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Health

October 30, 2014

"‘Good Poop’ Diet Is the Next Big Thing"

The "microbiome" continues to be the new hotness in things dietary.

See also "An apple a day could keep obesity away".

October 29, 2014

"21 Days: An expert in biological warfare warns against complacency in public measures against Ebola"

Interesting. Apparently, as has been the case in other instances recently--proper diet, climate change, among others--the science is not "settled"

For one objection, Hatfill wants it known that, while it must be emphasized that airborne droplet and particle transmission between humans has not been evident in this outbreak, aerosol droplet transmission of Ebola virus has been shown in animal studies. “It is therefore irresponsible for government health officials to emphatically state that aerosol transmission does not occur,” he writes. He also believes the argument against a national quarantine is “inexcusable in light of the size of the current West African epidemic.”

But the politics are the same as almost always: "Life-saving drugs and deadly delays".

Related: "Ten Ways The Public Sector Is Failing And The Private Sector Is Succeeding Against Ebola".

October 19, 2014

"Unable to Meet the Deductible or the Doctor"

In the New York Times, no less.

Three cheers for Obamacare!

October 14, 2014

"The CDC Doesn’t Have A Funding Problem"

Not that any of my regular readers would believe, for one single second, the Liberals' new line that Republican funding cuts are responsible for us not curing Ebola, but just in case, see Walter Olson's short piece.

See also Nick Gillespie, "Can You Blame Ebola Outbreak on "Republican Cuts" to Health Budgets?" and Bobby Jindal, "The Facts About Ebola Funding".

October 13, 2014

"Some Cancer Experts See 'Overdiagnosis,' Question Emphasis on Early Detection"

This is so true:

The conflicting messages have left many patients bewildered. After years of educational campaigns saying that early detection saves lives, it's no wonder that some people view recommendations to cut back on cancer screenings as dangerous, or veiled health-care rationing.

When I was a kid it seemed like at least once a week--sometimes, once or more per day--there was an ad on TV from the American Cancer Society telling us how very, very important early detection of cancer was.

October 09, 2014

"Cancer-Detecting Yogurt Could Replace Colonoscopies"

Bring it on!

A spoonful of yogurt could soon offer a cheap and simple way to screen for colorectal cancer.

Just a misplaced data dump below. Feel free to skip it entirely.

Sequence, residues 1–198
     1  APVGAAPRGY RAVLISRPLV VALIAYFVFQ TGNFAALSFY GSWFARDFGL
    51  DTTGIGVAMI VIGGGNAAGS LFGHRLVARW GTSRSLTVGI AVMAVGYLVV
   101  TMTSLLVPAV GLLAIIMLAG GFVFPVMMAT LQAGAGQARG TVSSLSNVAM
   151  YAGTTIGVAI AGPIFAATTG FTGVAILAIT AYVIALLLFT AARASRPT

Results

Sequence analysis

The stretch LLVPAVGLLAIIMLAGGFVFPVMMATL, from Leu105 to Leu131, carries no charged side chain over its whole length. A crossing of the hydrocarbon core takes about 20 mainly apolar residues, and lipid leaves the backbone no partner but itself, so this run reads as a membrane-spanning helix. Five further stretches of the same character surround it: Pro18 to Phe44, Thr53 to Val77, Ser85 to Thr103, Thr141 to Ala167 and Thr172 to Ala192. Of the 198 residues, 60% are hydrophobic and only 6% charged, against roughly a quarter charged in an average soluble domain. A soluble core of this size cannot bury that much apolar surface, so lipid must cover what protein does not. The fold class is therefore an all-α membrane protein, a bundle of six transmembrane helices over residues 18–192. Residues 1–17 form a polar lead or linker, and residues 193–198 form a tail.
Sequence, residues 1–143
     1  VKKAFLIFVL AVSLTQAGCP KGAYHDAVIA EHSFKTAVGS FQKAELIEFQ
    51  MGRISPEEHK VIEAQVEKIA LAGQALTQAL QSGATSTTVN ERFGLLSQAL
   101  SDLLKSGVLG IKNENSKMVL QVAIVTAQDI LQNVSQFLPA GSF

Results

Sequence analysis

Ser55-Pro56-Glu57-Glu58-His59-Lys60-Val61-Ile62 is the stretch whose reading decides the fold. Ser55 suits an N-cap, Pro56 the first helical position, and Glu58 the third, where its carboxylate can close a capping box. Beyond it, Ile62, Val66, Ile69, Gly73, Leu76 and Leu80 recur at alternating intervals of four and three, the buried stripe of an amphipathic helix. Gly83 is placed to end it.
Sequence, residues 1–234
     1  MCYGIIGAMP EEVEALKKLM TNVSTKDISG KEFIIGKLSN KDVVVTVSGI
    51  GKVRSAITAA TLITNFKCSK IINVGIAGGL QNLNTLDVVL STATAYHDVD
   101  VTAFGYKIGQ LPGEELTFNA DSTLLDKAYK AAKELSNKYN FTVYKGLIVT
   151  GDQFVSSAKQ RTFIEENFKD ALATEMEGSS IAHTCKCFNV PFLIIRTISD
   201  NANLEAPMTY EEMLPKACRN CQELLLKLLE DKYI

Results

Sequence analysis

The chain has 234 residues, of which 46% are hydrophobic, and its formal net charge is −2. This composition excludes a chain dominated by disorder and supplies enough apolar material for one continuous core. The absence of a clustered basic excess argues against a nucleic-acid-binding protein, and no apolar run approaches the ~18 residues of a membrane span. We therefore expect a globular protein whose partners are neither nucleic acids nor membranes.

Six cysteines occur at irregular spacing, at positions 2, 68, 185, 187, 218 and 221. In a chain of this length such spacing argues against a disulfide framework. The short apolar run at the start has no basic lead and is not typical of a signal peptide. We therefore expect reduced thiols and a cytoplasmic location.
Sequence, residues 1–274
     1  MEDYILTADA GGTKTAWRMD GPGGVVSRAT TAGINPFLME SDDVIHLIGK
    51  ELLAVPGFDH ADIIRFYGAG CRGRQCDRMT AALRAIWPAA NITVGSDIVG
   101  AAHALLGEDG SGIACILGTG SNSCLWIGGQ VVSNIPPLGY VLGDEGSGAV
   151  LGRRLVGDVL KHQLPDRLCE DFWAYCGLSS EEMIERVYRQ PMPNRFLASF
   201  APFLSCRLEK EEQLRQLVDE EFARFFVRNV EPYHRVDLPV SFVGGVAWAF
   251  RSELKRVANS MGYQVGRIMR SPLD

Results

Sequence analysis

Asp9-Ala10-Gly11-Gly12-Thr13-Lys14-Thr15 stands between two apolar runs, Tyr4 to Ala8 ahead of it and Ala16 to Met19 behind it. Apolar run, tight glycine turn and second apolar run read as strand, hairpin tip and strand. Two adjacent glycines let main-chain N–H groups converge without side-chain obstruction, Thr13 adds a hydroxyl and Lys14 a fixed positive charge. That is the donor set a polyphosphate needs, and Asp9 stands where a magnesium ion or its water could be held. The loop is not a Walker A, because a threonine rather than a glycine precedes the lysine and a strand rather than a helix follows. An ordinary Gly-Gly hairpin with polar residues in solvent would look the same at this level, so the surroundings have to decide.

Sangeeta Bhatia, a professor at MIT, is working to replace costly and uncomfortable colonoscopies and MRIs with a helping of yogurt followed by a urine test—a cheap method that could improve the early diagnosis of colorectal cancer.

Bhatia is developing synthetic molecules that can be introduced into the body via yogurt, and will interact with cancer in a way that produces telltale biomarkers. These molecules can then be detected easily when passed in urine.

October 07, 2014

"What Happens When We All Live to 100?"

"As recently as a generation ago, it would have seemed totally crazy to suppose that aging could be “cured.” Now curing aging seems, well, only somewhat crazy."

October 06, 2014

"When the Biomedical Industry Ignores Diseases, Private Money Saves Lives"

Private actors and actions are enormously powerful:

Fortunately, when the market doesn’t provide the right incentives, philanthropic groups have a unique opportunity to spur advances in treating diseases that affect millions but might otherwise be ignored. 

See also "Peter Thiel: the billionaire tech entrepreneur on a mission to cheat death".

Thiel believes there will be a cure for cancer in the next 20 years, and that a cure for Alzheimer’s is within reach. Immortality, he allows, may take a little longer. . . .

‘There are many arguments against life extension, and they all strike me as extraordinarily bad: it’s not natural; there will be too many people; you will be bored. But I don’t think it would be boring at all.’ He pauses. ‘People always say you should live your life as if it were your last day. I think you should live your life as though it will go on for ever; that every day is so good that you don’t want it to end.’

Related: the story of Rex Sinquefield, single-handedly trying to revive interest in the U.S. in chess.

October 01, 2014

"Wonder drug to fight cancer and Alzheimer's disease within 10 years"

Needless to say, bring it on!

Imperial College has discovered how to turn off an enzyme which is driving many incurable diseases.

The NMT enzyme makes irreversible changes to proteins which stop damaged cells from dying and, instead, speeds up their replication, causing cancer.

"We Used To Sleep In Two Segments Every Night Until Electricity Was Invented"

A comfort in my old age.

Roger Ekrich noticed many old books, including Chaucer's "The Canterbury Tales", referenced two periods of sleep being the norm in their era.

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